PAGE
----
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Bridge Tolls, Alameda Resiliency, Housing Approvals, Lookout Slough

Welcome to Monitor Notes, a weekly roundup of news items, event announcements, and updates on past Bay Area Monitor articles.

 

Cross That Bridge

What do you think about Golden Gate Bridge toll increases over the next five years? Let officials know during in-person and digital open houses kicking off January 30. They want input on which of five toll options should be considered for adoption this spring. The increases, potentially in effect July 1, would raise between $75 million and $100 million to meet expenses for goods and services. Read the rundown of the five options and then decide your meeting date and location.

 

Piece of the Action

The City of Alameda is working on its Climate Action and Resiliency Plan and wants community comments during a workshop on Saturday, January 26 between 9 a.m. and noon. Alameda’s climate action plan is intended to help lower greenhouse gas emissions, improve residents’ quality of life on the island, and make sure the city is equipped to adapt to flooding and other climate change impacts.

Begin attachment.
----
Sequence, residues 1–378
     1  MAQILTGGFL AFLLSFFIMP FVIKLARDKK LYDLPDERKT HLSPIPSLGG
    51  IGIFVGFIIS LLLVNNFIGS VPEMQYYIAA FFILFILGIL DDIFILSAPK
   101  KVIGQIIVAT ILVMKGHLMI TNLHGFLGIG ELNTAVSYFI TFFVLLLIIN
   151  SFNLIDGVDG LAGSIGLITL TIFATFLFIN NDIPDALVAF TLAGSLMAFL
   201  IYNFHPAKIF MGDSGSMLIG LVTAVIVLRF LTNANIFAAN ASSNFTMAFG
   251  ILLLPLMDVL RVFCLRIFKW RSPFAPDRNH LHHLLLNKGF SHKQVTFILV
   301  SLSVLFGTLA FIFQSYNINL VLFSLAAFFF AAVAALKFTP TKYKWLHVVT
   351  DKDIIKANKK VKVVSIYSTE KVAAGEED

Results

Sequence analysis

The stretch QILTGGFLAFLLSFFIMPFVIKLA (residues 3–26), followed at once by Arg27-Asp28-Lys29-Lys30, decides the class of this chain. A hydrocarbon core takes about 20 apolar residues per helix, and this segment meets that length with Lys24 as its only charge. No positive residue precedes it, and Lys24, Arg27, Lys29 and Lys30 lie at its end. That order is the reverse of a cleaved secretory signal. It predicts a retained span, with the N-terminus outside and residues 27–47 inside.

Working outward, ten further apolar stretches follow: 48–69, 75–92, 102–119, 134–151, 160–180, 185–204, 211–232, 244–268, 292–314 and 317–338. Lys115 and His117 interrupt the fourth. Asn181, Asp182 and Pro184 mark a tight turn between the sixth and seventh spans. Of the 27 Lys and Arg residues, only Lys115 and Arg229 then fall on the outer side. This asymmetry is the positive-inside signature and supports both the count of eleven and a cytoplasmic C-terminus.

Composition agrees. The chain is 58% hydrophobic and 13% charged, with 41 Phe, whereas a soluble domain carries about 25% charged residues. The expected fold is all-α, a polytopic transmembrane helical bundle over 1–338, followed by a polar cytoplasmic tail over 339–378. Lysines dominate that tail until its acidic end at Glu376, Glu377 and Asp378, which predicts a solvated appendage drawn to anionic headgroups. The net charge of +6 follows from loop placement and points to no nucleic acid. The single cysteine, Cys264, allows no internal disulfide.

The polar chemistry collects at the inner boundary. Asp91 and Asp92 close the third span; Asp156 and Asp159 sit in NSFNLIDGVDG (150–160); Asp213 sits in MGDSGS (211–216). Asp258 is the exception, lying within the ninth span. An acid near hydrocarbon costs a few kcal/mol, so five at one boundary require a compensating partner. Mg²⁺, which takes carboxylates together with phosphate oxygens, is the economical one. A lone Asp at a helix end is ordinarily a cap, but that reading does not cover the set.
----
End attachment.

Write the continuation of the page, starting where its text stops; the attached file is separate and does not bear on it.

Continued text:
On the House

SPUR is examining the state’s role in changing local housing decisions during a lunchtime event this Thursday, January 24 in San Francisco. To set the stage, SPUR noted the passage of Senate Bill 35 (Wiener) in 2017 as a path toward streamlining housing approvals in cities that haven’t met targets. Hear more about the approvals process from various panelists, including Senator Wiener. The Monitor will explore one of the legislator’s more recent housing bills (SB 50) in the February edition as part of a larger story on proposed zoning changes near transit.

 

Be on the Lookout

The California Department of Water Resources (DWR) has partnered with a private environmental restoration firm that will help finance and build the 3,000-acre Lookout Slough Tidal Habitat Restoration Project, according to the agency’s blog. Lookout Slough in Solano County is a “critical site for endangered Delta smelt” and is one of the Delta’s few areas with favorable elevations for maintaining historical tidal habitats, according to DWR. When complete, Lookout Slough will be the Delta’s largest tidal habitat restoration project.

 

Monitor Notes is produced by Cecily O’Connor. To receive it by email, scroll to the bottom of this page, enter your email address in the box under “RECEIVE EMAIL UPDATES,” and click the red “SIGN UP” button.

 

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